Reduction of attacks and pain by one third.

These studies were also able to prove that even patients in whom migraines continued to occur frequently despite Botox nevertheless experienced relief. This is because the headaches were no longer as severe as before due to the Botox. In practice, the aim is to use Botox against migraine therefore achieve that either the frequency of attacks or the intensity of headaches decreases. And best of all, of course, both. The measure of therapeutic success in both cases is usually a reduction by one third.

Discontinuation if no success after third treatment

If none of these goals can be achieved in a patient after the third treatment at the latest, then Botox will foreseeably fail to relieve migraine and the therapy should be terminated. At this point, the treatment has usually already cost more than 2,000 euros, and further injections of Botox seem pointless. Simply because of the high cost of Botox for migraine, I then advise patients against further attempts. In addition, of course, there are the many injections and the associated risks, which should not be accepted if success is unlikely.

How does the treatment work?

Risks and side effects

Every successful treatment begins with a detailed consultation. Also and especially in the case of Botox for migraine. This is because there are a number of contraindications that must be ruled out. Possible side effects must also be addressed. This is because Botox is injected in relatively high doses for migraine, which can be unpleasant in individual cases. Short-term nausea and headaches are possible, as well as dizziness. From an aesthetic point of view, Botox injections into the forehead, as intended for migraine, can cause drooping eyebrows. I try to prevent this in my patients. But it cannot be completely ruled out.

Cost of Botox for migraine

The cost of treatment must also be discussed. Even the minimal protocol for migraine, in which 155 units of Botox are injected, incurs costs of around 600 euros (guideline value) per session. With a frequency of initially one treatment per quarter, costs quickly add up to 2,000 euros. And since costs for Botox against migraine are only reimbursed by health insurance if conventional therapies were demonstrably unsuccessful, patients often have to bear them themselves. This must be made clear in advance.

Migraine medication and Botox

Furthermore, it must be clarified whether another medication for migraine is being taken in addition to Botox. If this helps at least partially, then it can be retained initially. After successful first or second treatment with Botox, discontinuation should then be considered. In such cases, it is recommended to continue the medication with the same dose during the treatment in order to be able to assess the effect of Botox against migraine in isolation.

Dosage and injection regimen of Botox for migraine.

The dosage of the toxin per treatment is between 155 and 195 so-called “Allergan units“(AE). The first treatment is carried out regularly with 155 AE, distributed over the following 4 zones and a total of 31 injection points:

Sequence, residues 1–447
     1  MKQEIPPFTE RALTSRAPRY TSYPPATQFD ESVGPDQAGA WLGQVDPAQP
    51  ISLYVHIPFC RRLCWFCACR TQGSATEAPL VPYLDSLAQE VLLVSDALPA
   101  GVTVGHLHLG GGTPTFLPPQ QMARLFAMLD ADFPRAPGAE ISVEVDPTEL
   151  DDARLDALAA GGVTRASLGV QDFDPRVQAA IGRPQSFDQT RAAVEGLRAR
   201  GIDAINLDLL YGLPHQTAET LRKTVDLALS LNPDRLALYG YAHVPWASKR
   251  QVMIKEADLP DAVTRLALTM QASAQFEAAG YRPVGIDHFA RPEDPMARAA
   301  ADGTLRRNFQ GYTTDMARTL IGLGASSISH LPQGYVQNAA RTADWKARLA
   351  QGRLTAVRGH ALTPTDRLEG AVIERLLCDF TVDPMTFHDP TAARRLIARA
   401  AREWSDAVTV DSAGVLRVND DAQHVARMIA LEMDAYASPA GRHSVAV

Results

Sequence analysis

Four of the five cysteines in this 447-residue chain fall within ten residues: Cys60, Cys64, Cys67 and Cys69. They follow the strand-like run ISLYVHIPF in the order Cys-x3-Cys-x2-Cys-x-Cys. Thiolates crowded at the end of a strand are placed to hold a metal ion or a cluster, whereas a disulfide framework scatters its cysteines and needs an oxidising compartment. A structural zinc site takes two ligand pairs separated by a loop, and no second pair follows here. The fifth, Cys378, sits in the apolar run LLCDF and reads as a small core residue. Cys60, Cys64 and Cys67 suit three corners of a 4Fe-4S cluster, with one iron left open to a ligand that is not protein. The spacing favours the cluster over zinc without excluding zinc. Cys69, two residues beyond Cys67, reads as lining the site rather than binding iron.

20 units (5 per point) in the left temporalis muscle.

20 units (5 per point) in the temporalis muscle on the right

5 units each into the frontalis muscle (top), the procerus muscle (bottom center), and the corrugator muscle (bottom lateral).

20 units cervical paraspinal (top) and a total of 30 units (15 per side) into the trapezius muscle.

If there is no success after the initial treatment with this dose, the dose is increased to 195 AU in a second session. The additional units of Botox are then injected into the zones where the patient is most violently plagued by migraine.

Treatment Intervals

In the first year of treatment, an interval of 3 months is strictly observed. In the 2nd year, if the effect persists, an attempt can be made to extend the interval to 4 months. Alternatively, the 3-month interval is maintained but the dose is decreased. If this does not lead to a worsening of the migraine, then an attempt can also be made to suspend the treatment altogether and only resume it when symptoms return.

Side effects and contraindications

Side effects

Common side effects of Botox for migraines include neck pain, headache, nausea, and dizziness. All symptoms are short-lived and usually go away after 1-2 days. There is short-term redness at the injection sites that passes within a few minutes. Small hematomas are possible if the needle punctures a blood vessel. They usually disappear after 2-3 days.

Due to the rather high dose injected into the forehead, there may be drooping eyebrows (Ptosis) can occur. I try to avoid this in my patients by specifically selecting the injection sites depending on the musculature and, in a first step, possibly also setting the dose lower than intended.

Contraindications

There are some contraindications to Botox that generally need to be considered. These include:

  • Neuromuscular transmission disorders, such as. Myasthenia gravis and Lambert-Eaton syndrome
  • The presence of dysphagia or chronic respiratory distress.
  • Acute infections and inflammations
  • The use of drugs that affect muscular transmission and certain antibiotics (Amynoglycoside-Antibiotics, Spectinomycin)
  • Hypersensitivity to any of the components of the Botox preparation used.
  • Pregnancy and lactation

Treatment costs

The cost of a treatment with Botox against migraine according to the standard scheme (155 AE) in my practice in Munich is about 620 euros as a guideline. The large regimen with 195 units, according to which Botox against migraine is injected when the standard regimen does not bring the desired effect, causes costs of about 820 euros (guideline value). Please note that individual billing is always done according to the German Medical Fee Schedule (GOÄ) and may deviate from the above guideline values.

In order for the health insurance to cover the costs of Botox for migraine, there must in any case be a chronic migraine according to the criteria outlined earlier in the text. Furthermore, the therapy with conventional drugs, such as Metoprolol, Flunarizine or Topiramate must have been previously tried unsuccessfully. Unsuccessful means that either the desired effect was not achieved or the drug was not tolerated. I recommend that my patients check with their health insurer in advance to see whether the costs will be covered.